It’s impossible to quantify, but every time my students work with iPads, I see creativity from them I have not seen before.

One of the biggest hurdles to implementing the Smart Response clicker system in classrooms has been the amount of work it takes to get things running the first time. The task of getting all your class lists set up can be daunting but it doesn’t have to be.  It is possible import all of your class lists from grade quick saving you a lot of time and headaches.

If you haven’t tried smart response yet and you have a Smart Board in your room I would highly recommend it. Smart Response can actually be a huge time saver for teachers if it is set up correctly and we already have the technology in our buildings. Smart Response is great for getting quick feedback about how much students understand a concept but it can also make grading a whole lot quicker on tests if you input the questions from a paper test and have students use the clickers to complete the exam.

The instructions below help to streamline the process of setting up class lists in Smart Response by pulling them from Grade Quick.

Importing Class Lists

Oven Hot Links – March 30, 2012

If you’re off on spring break like our district is, happy travels.  If not, hopefully your break arrives soon.

Top Ten Social Media-Savvy UniversitiesThis list is populated by two Ivy League school, two British universities, and our beloved University of Michigan.  It seems to have more to do with web presence than classroom interactivity, but there it is.  Bonus hotlink: How higher education uses social media.

Don’t Let Kids Overuse iPad - A helpful reminder that some kids need their “screen time” to be monitored.  Also important to note that the iPad should be a tool for education, not the end-all, only object kids use.

New iBooks for iPad Featured -  A slow moving behemoth like education is difficult to change overnight, but iBooks could push in that direction.

National Leaders Brainstorm for Digital Learning – How do we get there?

10 Ways iPads Are Used in Classrooms -  A good list.  Anything to add?

App Review: Socrative

Cost: FREE

Age: K-12

Subject: All

One of the best features of a SmartBoard is the Response system.  To operate a Response system, you need the SmartBoard and a classroom set of clickers, which usually run about \$2,000 on their own.  The best feature of Socrative is that not only is it free, it does a better job of what the Response system tries to do.  And yes.  It’s totally free.

Perhaps the biggest hurdle using Socrative isn’t the technology itself (how many of your students walk around with iPods, iPhones, or some similar device?), but the school policies enforced in your building.  If there was a ever a reason to relax policies on cell phones and the like, an app as useful as this must surely be it.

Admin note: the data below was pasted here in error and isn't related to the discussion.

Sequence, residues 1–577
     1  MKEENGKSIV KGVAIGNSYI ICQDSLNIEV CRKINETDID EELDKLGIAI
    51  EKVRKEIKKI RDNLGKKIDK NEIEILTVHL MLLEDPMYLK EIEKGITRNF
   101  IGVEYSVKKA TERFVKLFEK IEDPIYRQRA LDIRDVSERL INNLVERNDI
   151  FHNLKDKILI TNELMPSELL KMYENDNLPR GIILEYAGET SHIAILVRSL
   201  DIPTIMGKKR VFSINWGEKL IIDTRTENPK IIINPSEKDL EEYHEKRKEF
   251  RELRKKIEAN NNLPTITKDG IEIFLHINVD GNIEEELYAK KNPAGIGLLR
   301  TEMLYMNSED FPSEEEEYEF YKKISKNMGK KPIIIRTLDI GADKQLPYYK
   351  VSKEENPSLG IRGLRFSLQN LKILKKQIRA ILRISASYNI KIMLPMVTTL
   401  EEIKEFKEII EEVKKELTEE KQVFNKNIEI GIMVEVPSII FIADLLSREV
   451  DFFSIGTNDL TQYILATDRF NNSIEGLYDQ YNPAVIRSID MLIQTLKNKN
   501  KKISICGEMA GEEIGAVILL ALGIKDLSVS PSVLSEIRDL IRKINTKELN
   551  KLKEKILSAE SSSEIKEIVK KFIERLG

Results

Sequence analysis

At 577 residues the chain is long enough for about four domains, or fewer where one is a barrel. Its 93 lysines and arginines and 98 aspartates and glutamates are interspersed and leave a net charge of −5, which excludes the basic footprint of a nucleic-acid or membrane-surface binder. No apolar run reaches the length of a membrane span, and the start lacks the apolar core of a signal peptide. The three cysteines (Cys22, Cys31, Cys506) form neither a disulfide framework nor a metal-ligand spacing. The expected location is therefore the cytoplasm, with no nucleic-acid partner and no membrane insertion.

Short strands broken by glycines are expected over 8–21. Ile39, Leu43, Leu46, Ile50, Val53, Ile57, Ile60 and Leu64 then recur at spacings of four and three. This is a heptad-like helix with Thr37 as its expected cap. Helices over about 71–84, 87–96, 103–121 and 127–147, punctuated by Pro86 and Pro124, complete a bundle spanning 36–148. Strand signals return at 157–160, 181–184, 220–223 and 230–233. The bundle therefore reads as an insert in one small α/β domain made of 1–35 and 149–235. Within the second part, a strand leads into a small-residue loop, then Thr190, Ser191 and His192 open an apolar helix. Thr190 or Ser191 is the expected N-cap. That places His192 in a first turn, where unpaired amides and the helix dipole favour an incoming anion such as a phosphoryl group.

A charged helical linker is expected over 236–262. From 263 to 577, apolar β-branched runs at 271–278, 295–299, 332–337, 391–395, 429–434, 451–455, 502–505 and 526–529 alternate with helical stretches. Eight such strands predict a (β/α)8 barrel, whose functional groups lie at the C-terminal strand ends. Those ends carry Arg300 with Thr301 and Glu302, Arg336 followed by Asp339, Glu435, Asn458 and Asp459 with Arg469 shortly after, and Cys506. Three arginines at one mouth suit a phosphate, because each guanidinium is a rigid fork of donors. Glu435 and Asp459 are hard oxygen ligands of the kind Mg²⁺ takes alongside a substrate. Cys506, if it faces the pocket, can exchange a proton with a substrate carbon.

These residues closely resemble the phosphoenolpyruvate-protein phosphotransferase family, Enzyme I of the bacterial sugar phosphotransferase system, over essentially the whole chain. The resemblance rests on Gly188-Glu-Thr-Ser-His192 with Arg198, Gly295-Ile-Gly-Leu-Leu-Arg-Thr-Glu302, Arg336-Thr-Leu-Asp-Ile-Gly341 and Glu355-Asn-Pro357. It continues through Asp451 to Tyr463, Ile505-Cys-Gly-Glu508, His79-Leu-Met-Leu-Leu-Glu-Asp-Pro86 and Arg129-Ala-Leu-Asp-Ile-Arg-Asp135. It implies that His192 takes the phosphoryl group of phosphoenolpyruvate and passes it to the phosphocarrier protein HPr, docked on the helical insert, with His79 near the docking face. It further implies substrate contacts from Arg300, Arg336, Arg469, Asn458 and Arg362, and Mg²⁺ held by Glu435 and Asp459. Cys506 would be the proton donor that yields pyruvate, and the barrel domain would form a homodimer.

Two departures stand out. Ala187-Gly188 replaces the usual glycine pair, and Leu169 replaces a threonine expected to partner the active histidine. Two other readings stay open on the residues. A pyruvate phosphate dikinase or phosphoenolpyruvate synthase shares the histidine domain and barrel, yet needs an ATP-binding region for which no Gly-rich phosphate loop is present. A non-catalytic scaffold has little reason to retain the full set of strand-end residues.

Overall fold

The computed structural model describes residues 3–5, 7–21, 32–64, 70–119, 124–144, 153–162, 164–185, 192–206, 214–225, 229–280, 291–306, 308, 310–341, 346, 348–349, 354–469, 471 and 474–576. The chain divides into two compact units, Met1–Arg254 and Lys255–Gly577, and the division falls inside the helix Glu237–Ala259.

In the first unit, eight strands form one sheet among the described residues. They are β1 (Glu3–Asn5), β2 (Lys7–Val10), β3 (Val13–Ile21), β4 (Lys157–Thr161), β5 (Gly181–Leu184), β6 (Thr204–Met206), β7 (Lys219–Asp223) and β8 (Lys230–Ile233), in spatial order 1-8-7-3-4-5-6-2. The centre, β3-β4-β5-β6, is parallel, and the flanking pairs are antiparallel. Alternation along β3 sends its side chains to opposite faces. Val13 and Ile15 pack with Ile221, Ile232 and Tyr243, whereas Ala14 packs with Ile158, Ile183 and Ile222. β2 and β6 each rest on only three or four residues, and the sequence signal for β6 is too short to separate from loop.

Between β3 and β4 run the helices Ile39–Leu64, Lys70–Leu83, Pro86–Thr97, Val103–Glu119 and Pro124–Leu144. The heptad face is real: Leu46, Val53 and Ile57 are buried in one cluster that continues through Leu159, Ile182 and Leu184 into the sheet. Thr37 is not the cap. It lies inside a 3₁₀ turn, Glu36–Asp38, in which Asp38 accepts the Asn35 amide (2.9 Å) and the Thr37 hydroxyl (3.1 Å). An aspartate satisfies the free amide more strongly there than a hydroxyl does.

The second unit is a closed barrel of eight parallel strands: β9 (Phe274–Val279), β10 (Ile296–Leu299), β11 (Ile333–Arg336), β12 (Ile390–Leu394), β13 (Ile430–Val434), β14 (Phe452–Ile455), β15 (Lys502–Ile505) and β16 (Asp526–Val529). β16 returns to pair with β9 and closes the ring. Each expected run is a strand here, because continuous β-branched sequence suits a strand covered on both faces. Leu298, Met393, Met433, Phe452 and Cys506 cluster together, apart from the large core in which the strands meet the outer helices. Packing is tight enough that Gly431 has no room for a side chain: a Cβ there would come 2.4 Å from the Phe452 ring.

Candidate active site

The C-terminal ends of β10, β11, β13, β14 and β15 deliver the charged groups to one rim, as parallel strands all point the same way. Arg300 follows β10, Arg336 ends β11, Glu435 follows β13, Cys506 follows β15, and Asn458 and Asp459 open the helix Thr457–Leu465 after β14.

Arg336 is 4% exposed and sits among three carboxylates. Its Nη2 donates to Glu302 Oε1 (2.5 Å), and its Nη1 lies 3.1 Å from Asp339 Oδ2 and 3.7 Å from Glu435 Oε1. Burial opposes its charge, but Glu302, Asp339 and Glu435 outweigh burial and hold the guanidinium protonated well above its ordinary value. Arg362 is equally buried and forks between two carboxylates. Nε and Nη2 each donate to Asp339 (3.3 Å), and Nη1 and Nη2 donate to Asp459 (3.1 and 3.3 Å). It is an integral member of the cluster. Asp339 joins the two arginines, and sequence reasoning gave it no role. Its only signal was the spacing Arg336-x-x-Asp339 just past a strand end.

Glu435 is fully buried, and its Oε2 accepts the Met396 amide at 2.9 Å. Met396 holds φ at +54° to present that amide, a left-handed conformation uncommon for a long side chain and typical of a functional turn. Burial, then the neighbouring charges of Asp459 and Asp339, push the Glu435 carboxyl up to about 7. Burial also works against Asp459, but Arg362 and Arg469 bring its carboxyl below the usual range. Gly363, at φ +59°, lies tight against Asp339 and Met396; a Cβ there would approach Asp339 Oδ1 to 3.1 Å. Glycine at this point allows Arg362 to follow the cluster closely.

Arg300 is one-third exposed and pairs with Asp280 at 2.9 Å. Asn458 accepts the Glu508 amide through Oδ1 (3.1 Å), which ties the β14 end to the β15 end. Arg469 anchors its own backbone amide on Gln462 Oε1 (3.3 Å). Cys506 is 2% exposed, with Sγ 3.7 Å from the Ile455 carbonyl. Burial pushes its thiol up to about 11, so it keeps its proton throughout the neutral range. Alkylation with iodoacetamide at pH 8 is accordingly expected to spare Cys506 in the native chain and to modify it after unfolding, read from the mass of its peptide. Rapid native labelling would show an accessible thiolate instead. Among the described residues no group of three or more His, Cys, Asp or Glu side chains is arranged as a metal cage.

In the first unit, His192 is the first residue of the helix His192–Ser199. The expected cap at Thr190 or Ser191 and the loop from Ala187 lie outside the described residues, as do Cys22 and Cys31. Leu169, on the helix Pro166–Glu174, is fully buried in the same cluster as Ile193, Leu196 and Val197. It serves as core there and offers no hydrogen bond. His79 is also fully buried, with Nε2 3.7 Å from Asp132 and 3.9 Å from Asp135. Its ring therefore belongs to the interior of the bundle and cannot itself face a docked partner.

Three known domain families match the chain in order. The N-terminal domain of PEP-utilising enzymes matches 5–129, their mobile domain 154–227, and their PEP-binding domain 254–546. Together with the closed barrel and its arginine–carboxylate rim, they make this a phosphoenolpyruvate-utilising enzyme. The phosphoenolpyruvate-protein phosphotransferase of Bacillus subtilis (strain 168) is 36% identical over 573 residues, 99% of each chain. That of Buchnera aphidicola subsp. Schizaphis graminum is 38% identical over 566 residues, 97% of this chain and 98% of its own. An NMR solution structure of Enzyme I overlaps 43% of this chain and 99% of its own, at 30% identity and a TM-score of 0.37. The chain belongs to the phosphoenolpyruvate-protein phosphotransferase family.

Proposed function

Fun? One of my least motivated students was adamant that this would make learning fun and he would “try harder.”  And he offered that information on his own–I didn’t prompt him on how Socrative affected his learning experience.  I find that response systems like this are often labeled “fun”, and they may be for a student’s first time through, but after a while, it just becomes “learning” all over again.

Somehow, though, this feels different.  I think the fact that it is so easy to use (no login information creation for students is required) and the fact that they can use it on their own device makes it a lot more “fun”.

Easy to Use? For both teacher and student, this app is crazy easy to use.  What makes it so effective is that it is available on any machine that can access the internet.  If you are working with laptops, students can visit your own class site (a cinch to create).  If you (or the students) have iPhones, iPods, or iPads, they can access the website or download the app.

Gets the Job Done? I searched socrative.com trying to see who created this app, my theory being that it had to have been created by a teacher.  Every hiccup I have seen with similar systems is absent, every feature I wish was included already is.  It’s just fantastic and I still can’t believe 1) how free it is and 2) how easy it is.  Student engagement is something that technology should increase, and I have never seen an app that achieves it so effortlessly.

1) An iPad is not a requirement here.  If you have internet access, you are good to go.  And if you have that, use it.  Use it often.  Use it daily.  Use it to for official quizzes, informal quizzes, exit tickets, review games, even short answer questions!  (A hidden bonus if you are using short answer questions and your students have iProducts: autocorrect!)

2) Use it to go paperless.  A “paperless” classroom is something that I always thought technology would bring me, but nothing really came close.  Every step of this is digital, from quiz creation and use to student responses and performance sheets.  And though you can work across devices, it is all very seamless.

3) There is a lot of promise for general classroom use, but I especially like the Exit Ticket.  I have always thought that this was a great idea, but it just seemed like a lot of work (and a lot of paper) for maybe minimal gain–what are the odds I’m going to have 60+ Exit Tickets read and ready for feedback on a daily basis?  Maybe if I am only grading Exit Tickets…

But Socrative makes it so much easier to give quick feedback.  Student answers can be exported to Excel and I can look at them all on one easy spreadsheet to see if they are getting the concept.

Use it in a cool way?  Tell us about it in the comments.